For the first time since the angels left three years ago, Mike Skosia is back on the bench.
Scioscia was chosen Tuesday as the manager of the US team seeking to qualify for the Tokyo Olympics.
Although nine former Major League managers have been appointed by clubs since Scioscia last coached Angels, he has said he has not accepted the USA Team job to improve his appearance in another major league position.
“I don’t expect to train in majors,” he said. “This is my decision.”
The United States is one of 12 countries competing for the final two spots in the baseball tournament for the Tokyo Olympics. Host Mexico, Israel, South Korea and Japan have already qualified. The United States should win one of two qualifying tournaments in June, with the Dominican Republic, Cuba, Puerto Rico and Venezuela only occupying the field in the first tournament.
“I’m excited about the challenge,” Scioscia said.
The first challenge is to convince the major league teams to allow their minor league players to play for the USA team during the minor league season. Teams are often reluctant to allow their best prospects to play, for fear of potential injury or overuse of the shooter.
Scioscia said it received a positive response in its initial conversations with the teams.
“They see an opportunity to advance with some players in this kind of difficult situation,” he said. “These are playoff matches. You will play these games with all the strength you will need if you are in a playoff match in the main league or in the flag racing game.”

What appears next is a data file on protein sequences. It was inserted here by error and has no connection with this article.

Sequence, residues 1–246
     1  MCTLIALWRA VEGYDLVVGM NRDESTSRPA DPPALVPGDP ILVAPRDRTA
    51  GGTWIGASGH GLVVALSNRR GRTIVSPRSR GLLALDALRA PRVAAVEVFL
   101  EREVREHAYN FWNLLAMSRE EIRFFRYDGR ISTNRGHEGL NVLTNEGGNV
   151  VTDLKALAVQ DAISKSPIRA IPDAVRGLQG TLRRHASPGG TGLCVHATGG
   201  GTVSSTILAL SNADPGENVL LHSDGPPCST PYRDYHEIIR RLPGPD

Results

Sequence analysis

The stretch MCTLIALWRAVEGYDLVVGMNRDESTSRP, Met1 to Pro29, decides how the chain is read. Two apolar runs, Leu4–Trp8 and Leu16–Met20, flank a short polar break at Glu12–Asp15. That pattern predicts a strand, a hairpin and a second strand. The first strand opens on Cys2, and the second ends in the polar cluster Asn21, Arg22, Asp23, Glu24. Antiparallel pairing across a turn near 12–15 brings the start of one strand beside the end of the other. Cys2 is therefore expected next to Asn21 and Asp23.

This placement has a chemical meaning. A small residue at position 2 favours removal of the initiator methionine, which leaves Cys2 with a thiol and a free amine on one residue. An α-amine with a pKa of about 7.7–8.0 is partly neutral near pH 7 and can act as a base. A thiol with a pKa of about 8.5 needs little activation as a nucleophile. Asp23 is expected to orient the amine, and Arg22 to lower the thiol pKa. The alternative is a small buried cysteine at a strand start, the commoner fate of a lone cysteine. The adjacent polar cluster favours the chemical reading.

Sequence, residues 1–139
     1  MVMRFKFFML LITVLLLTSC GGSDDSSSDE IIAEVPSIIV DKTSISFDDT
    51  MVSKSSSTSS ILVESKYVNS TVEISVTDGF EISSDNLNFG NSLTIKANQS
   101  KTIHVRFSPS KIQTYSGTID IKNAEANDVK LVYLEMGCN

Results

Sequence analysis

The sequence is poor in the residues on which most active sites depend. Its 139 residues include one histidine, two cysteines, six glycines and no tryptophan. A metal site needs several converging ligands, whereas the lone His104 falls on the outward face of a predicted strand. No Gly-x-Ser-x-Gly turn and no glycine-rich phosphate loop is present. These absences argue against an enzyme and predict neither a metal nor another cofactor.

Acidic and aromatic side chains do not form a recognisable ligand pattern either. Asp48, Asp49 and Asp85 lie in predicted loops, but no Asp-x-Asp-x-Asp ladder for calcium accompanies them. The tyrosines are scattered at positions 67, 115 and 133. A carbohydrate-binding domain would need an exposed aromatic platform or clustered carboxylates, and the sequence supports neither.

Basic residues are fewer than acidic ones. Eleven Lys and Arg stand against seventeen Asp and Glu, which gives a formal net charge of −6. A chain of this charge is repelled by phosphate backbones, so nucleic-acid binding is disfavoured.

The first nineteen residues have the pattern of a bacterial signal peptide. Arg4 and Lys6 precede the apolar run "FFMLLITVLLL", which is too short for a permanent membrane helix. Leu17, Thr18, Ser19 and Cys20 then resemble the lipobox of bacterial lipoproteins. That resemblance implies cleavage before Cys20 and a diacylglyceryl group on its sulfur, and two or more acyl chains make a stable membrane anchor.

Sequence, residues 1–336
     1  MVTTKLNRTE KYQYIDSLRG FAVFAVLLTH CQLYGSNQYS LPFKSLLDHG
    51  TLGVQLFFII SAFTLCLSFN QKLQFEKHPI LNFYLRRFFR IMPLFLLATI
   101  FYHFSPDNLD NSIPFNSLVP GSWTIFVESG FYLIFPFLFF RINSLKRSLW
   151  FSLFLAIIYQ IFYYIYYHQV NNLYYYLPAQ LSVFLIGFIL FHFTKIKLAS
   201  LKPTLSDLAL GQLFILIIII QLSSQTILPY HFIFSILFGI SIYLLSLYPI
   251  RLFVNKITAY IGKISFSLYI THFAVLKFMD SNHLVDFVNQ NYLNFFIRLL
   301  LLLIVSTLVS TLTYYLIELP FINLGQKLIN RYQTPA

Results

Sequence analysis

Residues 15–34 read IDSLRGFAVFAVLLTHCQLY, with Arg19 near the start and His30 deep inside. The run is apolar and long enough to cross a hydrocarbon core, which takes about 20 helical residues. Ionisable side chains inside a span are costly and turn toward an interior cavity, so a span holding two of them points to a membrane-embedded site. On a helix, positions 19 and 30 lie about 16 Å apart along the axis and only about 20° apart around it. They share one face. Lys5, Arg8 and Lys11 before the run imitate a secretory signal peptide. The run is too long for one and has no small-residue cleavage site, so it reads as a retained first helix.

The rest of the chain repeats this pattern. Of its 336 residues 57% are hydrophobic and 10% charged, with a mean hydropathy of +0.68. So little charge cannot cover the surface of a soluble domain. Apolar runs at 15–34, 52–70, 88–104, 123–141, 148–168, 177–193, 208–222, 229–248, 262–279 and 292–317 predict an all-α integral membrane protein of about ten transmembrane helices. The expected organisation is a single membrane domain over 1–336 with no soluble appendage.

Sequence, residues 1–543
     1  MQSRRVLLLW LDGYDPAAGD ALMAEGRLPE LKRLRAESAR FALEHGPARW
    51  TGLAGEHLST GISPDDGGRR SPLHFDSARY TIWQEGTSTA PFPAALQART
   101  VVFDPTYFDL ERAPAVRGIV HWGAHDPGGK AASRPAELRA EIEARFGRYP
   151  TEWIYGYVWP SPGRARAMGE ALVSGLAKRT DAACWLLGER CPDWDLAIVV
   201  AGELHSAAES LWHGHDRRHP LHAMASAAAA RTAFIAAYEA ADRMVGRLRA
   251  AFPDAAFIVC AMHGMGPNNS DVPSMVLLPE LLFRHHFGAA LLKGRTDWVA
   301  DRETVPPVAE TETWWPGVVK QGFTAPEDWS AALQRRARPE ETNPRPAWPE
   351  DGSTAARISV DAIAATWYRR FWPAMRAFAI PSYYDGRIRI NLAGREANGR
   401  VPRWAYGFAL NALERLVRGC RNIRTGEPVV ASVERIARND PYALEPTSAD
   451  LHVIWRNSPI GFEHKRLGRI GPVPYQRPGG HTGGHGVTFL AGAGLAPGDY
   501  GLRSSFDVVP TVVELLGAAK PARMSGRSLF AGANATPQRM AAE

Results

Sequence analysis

USA Team can also have recently retired players. Adrien Gonzalez, the five-time first player of the All Star team, hopes to play for Mexico. Four times runners-up Ian Kinsler has pledged to play for Israel.
Scioscia is a three-time World Series champion, as a recipient of Team Dodgers in 1981 and 1988, and as Director of the Angels in 2002. His 1,650 victories as major league manager, all in the nineteen seasons he spent with the Angels, ranked 19th on the list all the times.
Tommy Lasorda, the former Dodgers coach who played for Scioscia, led the USA team to gold at the 2000 Sydney Olympics. Scioscia said he had never seen Lasorda cry when the Dodgers won the World Series, but tears burst out after his US team won the gold.
“Tommy means the world,” said Scosia. “With everything he accomplished with the Dodgers, there was a special place in his heart to win that gold.”
Scioscia, 62, says he’s been busy working with MLB developing amateur baseball and playing golf, and for the past two weeks, enjoying the grandson.
He said, “Really very spoiled girl.”
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